spent,’ as some poet claimed; but in the world

around me now at eighty something, no kid is empty

of care as I was. Horned frogs are endangered

horny toads, as we called them, no longer a staple

of the lives of West Texas boys like me, their habitats

gone to fire ants, urban sprawl, and agriculture.

One adult summer years ago, fire ants built

a nest in my gravel driveway; I watched it

mushroom almost overnight until I grew afraid

for my children’s legs.

The chloral hydrate

I tried first proved useless and then, worried

that my children might get into it when my

back was turned, I finally poured gasoline

into the nest and sealed the ants inside with a

garbage can lid. That should gas them, I thought

shying away from the implication, and it did the

trick for a while, but they came back.

 

 

Lesson there too,

like the lampreys invading northern waterways.

No fish is safe now, like the horny toads

 

—and no kid either.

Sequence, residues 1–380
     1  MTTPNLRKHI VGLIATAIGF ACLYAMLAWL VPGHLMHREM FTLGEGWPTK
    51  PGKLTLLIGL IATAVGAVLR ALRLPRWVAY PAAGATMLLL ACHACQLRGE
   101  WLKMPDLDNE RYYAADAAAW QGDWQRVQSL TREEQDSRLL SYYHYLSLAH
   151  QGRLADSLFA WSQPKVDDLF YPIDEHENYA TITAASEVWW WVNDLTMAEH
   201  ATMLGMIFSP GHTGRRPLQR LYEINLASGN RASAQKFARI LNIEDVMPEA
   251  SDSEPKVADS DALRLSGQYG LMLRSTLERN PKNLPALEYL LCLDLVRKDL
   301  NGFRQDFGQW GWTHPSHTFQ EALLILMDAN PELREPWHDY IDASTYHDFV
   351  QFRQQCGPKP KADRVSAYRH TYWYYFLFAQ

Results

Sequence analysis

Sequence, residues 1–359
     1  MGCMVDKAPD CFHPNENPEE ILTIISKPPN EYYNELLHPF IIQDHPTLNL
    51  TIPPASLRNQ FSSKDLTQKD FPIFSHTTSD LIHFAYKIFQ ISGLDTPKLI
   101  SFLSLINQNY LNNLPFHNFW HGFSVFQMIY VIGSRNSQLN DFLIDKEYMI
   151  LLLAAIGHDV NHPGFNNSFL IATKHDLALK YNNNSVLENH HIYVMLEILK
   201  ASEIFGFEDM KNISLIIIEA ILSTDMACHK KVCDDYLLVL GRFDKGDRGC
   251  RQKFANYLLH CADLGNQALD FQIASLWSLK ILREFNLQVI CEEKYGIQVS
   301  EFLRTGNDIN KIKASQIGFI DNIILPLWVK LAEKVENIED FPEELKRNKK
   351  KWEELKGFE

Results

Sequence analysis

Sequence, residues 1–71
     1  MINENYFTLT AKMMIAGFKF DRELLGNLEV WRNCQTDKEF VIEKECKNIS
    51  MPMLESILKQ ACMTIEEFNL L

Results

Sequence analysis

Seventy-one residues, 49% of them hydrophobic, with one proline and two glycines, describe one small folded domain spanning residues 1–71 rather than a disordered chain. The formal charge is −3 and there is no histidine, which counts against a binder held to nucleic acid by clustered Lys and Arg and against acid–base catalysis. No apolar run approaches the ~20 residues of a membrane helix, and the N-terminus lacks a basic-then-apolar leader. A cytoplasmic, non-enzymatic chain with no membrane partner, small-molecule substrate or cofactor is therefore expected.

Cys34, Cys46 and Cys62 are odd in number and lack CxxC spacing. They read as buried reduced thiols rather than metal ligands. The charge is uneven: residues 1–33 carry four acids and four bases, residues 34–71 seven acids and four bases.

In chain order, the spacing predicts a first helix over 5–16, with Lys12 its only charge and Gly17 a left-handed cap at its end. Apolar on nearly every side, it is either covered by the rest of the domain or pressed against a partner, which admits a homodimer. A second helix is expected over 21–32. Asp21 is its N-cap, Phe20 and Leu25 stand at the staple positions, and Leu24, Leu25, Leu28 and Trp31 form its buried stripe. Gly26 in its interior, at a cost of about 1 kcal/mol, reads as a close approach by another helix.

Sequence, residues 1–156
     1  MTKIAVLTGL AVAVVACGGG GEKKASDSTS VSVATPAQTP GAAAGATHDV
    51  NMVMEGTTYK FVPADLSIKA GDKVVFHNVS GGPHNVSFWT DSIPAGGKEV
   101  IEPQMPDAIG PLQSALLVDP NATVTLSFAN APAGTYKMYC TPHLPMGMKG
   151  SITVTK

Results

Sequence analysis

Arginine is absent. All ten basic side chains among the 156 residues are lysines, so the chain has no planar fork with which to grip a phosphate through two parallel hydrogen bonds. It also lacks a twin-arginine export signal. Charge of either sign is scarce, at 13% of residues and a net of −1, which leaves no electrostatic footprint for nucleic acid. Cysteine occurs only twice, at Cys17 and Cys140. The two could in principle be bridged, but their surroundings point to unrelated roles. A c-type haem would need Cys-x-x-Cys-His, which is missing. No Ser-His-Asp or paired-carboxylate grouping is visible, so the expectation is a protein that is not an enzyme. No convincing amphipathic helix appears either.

Doe In the Headlights

litany after Leath Tonino’s essay, “The Doe’s Song”

 

Here’s the deal; an automobile

speeding down a night road hits a doe.

The driver swerves to a stop and tries

to help, but the panicked animal struggles

away and scrambles into the woods

on three legs, its fourth now dangling

useless. The driver watches helpless as

the painful struggle passes beyond

the space made bright by her headlights—

resumes her journey, frightened, chastened

perhaps, perhaps not. As the days

go by afterwards, she will comfort

her conscience with the thought that the doe

was only an animal, after all.

 

Pray for her and pray for the doe.

Pray that shock will have taken the doe

before gangrene, delirium or worse, coyote’s

tooth as she thrashes about in un-nameable

pain, knowing now no quiet

place to lick her wounds. Does she have

a name? Will her comrades know her

as something other than roadkill? ‘What of it?’

say some. ‘Humans have killed animals

since before we measured time.’ But this

isn’t hunting; bracket hunting and pray

for the doe. Pray for her because she is

a mountaintop gone to strip mines

a river polluted, filled with black carp